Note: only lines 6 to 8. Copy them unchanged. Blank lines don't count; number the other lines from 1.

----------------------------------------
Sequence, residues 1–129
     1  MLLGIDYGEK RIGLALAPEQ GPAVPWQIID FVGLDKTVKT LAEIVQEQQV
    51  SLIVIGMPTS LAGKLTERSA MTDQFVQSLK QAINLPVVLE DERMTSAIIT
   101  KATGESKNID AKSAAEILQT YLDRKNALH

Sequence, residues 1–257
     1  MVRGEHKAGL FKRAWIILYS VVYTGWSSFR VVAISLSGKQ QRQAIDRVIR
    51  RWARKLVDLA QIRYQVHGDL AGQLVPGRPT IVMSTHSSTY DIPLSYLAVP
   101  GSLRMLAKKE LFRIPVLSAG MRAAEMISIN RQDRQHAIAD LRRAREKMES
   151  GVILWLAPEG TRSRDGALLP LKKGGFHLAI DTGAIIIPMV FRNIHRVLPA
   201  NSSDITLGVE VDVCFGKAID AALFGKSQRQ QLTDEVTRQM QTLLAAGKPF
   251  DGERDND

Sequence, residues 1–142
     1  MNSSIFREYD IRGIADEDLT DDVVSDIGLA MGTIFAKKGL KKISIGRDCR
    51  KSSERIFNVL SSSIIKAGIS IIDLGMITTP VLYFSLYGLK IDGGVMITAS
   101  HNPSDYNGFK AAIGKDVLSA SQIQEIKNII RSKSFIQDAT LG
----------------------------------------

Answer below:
     1  MVRGEHKAGL FKRAWIILYS VVYTGWSSFR VVAISLSGKQ QRQAIDRVIR
    51  RWARKLVDLA QIRYQVHGDL AGQLVPGRPT IVMSTHSSTY DIPLSYLAVP
   101  GSLRMLAKKE LFRIPVLSAG MRAAEMISIN RQDRQHAIAD LRRAREKMES